How Juan Carlos Oviedo became “Leo Nunez”

18 Comments

Old Gator brought my attention to a good story from yesterday’s Miami Herald, detailing how the pitcher we all know as Leo Nunez — but who is in fact Juan Carlos Oviedo — was able to pull the wool over everyone’s eyes for so long. Part of it is just the normal anonymity of a teenager:

One way Oviedo managed to keep his identity secret so long: Nobody in town ever knew his real name in the first place. The player’s nickname is “C.D.,” and most people here, even men who played ball with him, profess to never knowing his actual name. In fact, in this city of 125,000 people, the player the media refers to as “the pitcher formerly known as “Leo Núñez” is still known as Leo Núñez.

But the bigger part of it is how even the people who knew the truth didn’t feel at all compelled to let anyone know Oviedo’s real identity. About how baseball routinely takes advantage of teenagers with baseball promise in the Dominican Republic and how when, on occasion, the players themselves try to turn the tables, it’s not seen as fraud so much as it’s seen as someone fighting for any chance they can get in a system designed to chew up young ballplayers and spit them out.

Adam Eaton sustains leg injury after tripping over first base

Getty Images
Leave a comment

Nationals’ outfielder Adam Eaton was carried off the field after stumbling over first base on Friday night. In the ninth inning of the Nationals’ 7-5 loss to the Mets, Eaton appeared to catch his ankle on the bag as he ran out an infield single, suffering a leg injury on the fall. He was unable to put pressure on his left leg after the play and required assistance by two of the Nationals’ athletic trainers as he exited the field.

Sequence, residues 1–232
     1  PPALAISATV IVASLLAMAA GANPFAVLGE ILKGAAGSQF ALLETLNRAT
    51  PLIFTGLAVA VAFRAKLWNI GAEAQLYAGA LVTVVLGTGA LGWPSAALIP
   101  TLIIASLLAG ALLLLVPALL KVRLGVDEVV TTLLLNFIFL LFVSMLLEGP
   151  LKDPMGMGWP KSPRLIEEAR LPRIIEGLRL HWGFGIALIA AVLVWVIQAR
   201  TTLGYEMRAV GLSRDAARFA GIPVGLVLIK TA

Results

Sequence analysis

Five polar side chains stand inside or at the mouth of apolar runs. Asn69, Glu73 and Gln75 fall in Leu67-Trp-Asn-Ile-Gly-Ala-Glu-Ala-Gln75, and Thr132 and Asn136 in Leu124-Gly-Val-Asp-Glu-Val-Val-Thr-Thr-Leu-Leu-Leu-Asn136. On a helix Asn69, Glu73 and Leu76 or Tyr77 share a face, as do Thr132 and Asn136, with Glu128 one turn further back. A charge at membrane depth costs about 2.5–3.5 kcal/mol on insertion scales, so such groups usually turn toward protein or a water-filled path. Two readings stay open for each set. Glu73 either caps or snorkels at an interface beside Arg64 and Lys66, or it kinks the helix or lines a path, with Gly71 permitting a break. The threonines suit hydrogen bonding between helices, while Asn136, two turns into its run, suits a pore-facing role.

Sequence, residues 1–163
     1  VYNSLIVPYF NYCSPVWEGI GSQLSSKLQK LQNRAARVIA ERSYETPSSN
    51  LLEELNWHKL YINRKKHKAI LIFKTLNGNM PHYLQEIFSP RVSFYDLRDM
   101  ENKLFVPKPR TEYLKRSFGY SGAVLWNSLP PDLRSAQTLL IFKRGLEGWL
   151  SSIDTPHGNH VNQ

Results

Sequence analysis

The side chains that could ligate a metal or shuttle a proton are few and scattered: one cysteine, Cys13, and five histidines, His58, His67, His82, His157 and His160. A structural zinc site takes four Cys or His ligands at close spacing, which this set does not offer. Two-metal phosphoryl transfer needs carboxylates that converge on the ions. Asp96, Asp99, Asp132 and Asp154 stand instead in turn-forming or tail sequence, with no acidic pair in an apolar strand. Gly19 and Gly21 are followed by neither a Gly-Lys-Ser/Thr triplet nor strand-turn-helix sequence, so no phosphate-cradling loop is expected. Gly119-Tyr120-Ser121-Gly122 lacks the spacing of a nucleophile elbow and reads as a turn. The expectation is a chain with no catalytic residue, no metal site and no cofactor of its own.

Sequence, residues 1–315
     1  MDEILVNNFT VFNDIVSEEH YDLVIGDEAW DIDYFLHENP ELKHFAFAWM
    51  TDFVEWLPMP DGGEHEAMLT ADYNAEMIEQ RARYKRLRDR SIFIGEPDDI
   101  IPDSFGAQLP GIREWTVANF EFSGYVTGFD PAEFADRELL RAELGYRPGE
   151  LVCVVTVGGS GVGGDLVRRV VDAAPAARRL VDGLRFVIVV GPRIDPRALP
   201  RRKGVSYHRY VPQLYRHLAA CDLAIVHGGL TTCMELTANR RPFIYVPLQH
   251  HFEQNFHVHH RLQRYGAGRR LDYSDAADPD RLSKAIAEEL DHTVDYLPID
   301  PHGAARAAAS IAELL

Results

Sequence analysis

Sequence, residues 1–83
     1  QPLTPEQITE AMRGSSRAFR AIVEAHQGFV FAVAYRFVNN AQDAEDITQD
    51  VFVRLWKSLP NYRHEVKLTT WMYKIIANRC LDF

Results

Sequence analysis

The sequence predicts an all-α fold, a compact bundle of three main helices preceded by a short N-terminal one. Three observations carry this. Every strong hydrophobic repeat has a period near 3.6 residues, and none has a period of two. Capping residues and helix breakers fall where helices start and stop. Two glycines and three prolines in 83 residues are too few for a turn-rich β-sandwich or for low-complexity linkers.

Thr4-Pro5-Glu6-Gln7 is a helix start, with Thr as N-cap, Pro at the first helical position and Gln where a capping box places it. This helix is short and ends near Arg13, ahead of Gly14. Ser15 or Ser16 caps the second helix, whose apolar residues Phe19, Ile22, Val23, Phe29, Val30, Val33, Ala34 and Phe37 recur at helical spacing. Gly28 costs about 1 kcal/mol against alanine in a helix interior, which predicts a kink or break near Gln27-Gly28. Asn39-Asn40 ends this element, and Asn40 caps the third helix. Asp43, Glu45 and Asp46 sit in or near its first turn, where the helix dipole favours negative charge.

Eaton is scheduled to undergo an MRI on Saturday, but Nationals’ manager Dusty Baker told reporters that it “doesn’t look too good.” It’s the first significant leg injury the outfielder has sustained since 2014, when he went on the 15-day disabled list with a hamstring strain. He’ll likely be replaced by Michael Taylor in center field for the next couple of games, though that could be a temporary fix as the Nationals seek a better solution during Eaton’s recovery process.

Madison Bumgarner likely sidelined through the All-Star break

Getty Images
Leave a comment

It’s been just over a week since Giants’ left-hander Madison Bumgarner got a serious scare after a nasty dirt bike accident. He escaped with bruised ribs and a Grade 2 strain of his left shoulder AC joint, but there was some speculation that the injuries would cause a significant, if not permanent, setback in the southpaw’s career. Thankfully, things aren’t looking quite so bleak today. Not only will Bumgarner not require surgery, but he could return as soon as the week following the All-Star break, the Giants said Friday.

Of course, that timeline is wholly dependent on how smoothly the recovery process goes, so nothing is set in stone yet. NBC Sports Bay Area’s Alex Pavlovic estimates 2-3 months of rest and rehab, including “two months before he can get back on the mound and then another three to four weeks of throwing and rehab starts before he’s big league-ready.” It’s a long and laborious schedule, but still looks much better than any surgical alternative.

Prior to the accident, Bumgarner was working on a solid start to the 2017 season. He maintained a 3.00 ERA, 1.3 BB/9 and 9.3 SO/9 through 27 innings with the club, though his average 1.75 runs of support per start fed into an 0-3 record.